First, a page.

E-cigarettes in Hong Kong
Hong Kong, like other cities around the world has implemented a number of anti-smoking measures in the past decade that have changed the viewpoint of many in the city. From the now legally smokeless bars and restaurants, to the strict limitation on the number of cigarettes you can bring into the city, it would appear that the city’s government is taking the health of its citizens seriously. However, this near world-wide march to smoke-free environments has given rise to a new smoking trend: the e-cigarette.
Here is an overview of e-cigarettes in Hong Kong, and their impact on health insurance.
What exactly are e-cigarettes?
E-cigarettes are personal devices that were developed to simulate smoking without actually burning tobacco. These devices, powered by batteries, are also commonly referred to as ‘vaporizers’ as they burn a liquid, which is often called ‘e-liquid’ when activated that vaporizes and can be inhaled just like a tobacco cigarette.
The interesting thing about these devices is that unlike cigarettes, many models are meant to be reused and offer replaceable liquid capsules. The e-liquid currently available comes in a variety of flavors with some containing nicotine, and others without any.
The current situation in Hong Kong
Since their introduction in 2004 e-cigarettes have become an increasingly trendy device, especially among the younger demographic. Because of the general wide-spread availability in Hong Kong along with the variety in different types of liquids, e-cigarettes are proving tough for many countries to regulate.
According to the SCMP, “E-cigarettes can be sold legally in Hong Kong with no age limit if the product does not contain nicotine. Any product with more than 0.1 per cent nicotine must be registered as a pharmacy product with the Department of Health.” Furthermore, these devices can only be used in areas where smoking is allowed. For example, you should not be using one of these in a restaurant.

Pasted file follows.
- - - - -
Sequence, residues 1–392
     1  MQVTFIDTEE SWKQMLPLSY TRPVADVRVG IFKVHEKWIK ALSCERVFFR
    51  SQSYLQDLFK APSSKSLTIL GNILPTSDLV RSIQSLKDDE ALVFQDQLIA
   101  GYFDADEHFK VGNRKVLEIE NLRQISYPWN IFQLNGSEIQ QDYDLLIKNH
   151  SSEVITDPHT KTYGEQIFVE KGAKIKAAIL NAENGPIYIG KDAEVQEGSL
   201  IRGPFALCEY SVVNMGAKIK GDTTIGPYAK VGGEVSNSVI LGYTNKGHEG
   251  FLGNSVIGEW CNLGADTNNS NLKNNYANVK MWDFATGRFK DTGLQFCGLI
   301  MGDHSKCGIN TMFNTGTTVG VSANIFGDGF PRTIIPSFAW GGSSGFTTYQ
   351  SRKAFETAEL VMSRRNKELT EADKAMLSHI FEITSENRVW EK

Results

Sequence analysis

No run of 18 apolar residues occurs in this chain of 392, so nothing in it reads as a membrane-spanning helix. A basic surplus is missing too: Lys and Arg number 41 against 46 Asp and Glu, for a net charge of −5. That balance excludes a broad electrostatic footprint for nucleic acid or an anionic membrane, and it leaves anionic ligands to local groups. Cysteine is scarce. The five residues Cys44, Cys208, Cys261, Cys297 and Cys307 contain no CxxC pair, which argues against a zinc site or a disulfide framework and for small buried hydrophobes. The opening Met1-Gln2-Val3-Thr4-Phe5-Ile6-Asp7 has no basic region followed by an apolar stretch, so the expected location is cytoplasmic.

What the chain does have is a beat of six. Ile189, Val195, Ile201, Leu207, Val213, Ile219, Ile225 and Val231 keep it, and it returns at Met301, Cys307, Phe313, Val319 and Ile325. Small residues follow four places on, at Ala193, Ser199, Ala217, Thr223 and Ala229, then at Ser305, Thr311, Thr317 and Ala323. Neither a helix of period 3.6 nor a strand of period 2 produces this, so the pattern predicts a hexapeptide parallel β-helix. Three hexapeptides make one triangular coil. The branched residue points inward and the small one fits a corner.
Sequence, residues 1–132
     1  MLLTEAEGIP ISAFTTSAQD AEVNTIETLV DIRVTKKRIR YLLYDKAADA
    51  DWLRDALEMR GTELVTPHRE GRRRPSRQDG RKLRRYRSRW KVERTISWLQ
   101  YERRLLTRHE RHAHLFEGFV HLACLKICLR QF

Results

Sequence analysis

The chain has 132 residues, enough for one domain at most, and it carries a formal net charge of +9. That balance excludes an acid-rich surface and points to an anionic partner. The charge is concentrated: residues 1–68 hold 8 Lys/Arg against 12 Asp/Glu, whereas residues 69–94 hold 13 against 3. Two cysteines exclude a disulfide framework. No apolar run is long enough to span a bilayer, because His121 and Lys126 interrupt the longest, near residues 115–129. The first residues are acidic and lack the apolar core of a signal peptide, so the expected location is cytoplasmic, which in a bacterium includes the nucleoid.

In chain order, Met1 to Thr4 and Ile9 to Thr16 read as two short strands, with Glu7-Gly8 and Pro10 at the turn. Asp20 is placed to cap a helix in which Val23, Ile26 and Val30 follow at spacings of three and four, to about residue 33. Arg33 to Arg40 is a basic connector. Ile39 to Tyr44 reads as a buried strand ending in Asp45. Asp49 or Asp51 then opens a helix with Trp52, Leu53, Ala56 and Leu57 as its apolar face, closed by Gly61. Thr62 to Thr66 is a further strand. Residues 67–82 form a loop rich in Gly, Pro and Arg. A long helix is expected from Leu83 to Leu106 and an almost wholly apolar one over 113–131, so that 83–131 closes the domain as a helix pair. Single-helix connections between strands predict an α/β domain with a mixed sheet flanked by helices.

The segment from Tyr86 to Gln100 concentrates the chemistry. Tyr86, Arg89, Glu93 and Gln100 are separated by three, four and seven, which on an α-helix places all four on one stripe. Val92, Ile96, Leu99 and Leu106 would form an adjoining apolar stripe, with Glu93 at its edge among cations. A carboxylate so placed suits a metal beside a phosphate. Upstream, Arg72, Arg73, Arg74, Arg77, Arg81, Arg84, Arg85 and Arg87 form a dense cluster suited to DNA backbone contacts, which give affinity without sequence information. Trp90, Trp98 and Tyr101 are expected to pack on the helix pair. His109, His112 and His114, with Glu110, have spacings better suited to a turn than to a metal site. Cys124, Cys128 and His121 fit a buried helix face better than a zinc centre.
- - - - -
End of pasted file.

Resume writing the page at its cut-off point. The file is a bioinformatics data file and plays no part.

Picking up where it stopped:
Because many e-cigarettes have refillable or replaceable e-liquid containers, the seller of the e-liquid may not have full knowledge of what is actually contained in the e-liquid. If you were to wander the stores and malls where these devices can be purchased you will quickly see that many of the patrons in the area are younger, and stores may not be necessarily verifying which liquid they are selling, meaning it is entirely possible for minors to illegally purchase e-liquid with nicotine in it.
As nicotine found in e-liquid is no less addictive than that in a cigarette, there is worry among health officials and the government that e-cigarettes could potentially manufacture a whole new generation of smokers. Earlier this year the SCMP reported on how the government is considering taking the lead from Singapore and Thailand, by banning the devices outright, or at the very least banning their importation.
Are there any health risks associated with e-cigarettes?
Like many other potentially addictive substances there is what feels like a near constant stream of reports and news articles being released that contradict and confuse the idea of whether e-cigarettes are unhealthy. In truth, they have not been on the market and used in large amounts for a long enough time to determine whether or not long term use is harmful to our health.